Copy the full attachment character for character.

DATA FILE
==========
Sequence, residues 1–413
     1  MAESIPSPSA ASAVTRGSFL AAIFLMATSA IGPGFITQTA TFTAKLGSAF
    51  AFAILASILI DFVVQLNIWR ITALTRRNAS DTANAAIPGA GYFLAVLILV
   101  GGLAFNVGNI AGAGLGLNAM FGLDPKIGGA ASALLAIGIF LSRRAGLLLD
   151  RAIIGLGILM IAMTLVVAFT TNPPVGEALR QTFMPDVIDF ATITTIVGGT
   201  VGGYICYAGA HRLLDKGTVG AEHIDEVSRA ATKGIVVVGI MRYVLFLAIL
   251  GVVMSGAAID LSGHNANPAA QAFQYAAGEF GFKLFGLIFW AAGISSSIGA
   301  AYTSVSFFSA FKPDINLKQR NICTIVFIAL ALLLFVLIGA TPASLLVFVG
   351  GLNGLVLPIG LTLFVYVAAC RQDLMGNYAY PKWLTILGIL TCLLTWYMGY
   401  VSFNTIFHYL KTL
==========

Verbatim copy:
Sequence, residues 1–413
     1  MAESIPSPSA ASAVTRGSFL AAIFLMATSA IGPGFITQTA TFTAKLGSAF
    51  AFAILASILI DFVVQLNIWR ITALTRRNAS DTANAAIPGA GYFLAVLILV
   101  GGLAFNVGNI AGAGLGLNAM FGLDPKIGGA ASALLAIGIF LSRRAGLLLD
   151  RAIIGLGILM IAMTLVVAFT TNPPVGEALR QTFMPDVIDF ATITTIVGGT
   201  VGGYICYAGA HRLLDKGTVG AEHIDEVSRA ATKGIVVVGI MRYVLFLAIL
   251  GVVMSGAAID LSGHNANPAA QAFQYAAGEF GFKLFGLIFW AAGISSSIGA
   301  AYTSVSFFSA FKPDINLKQR NICTIVFIAL ALLLFVLIGA TPASLLVFVG
   351  GLNGLVLPIG LTLFVYVAAC RQDLMGNYAY PKWLTILGIL TCLLTWYMGY
   401  VSFNTIFHYL KTL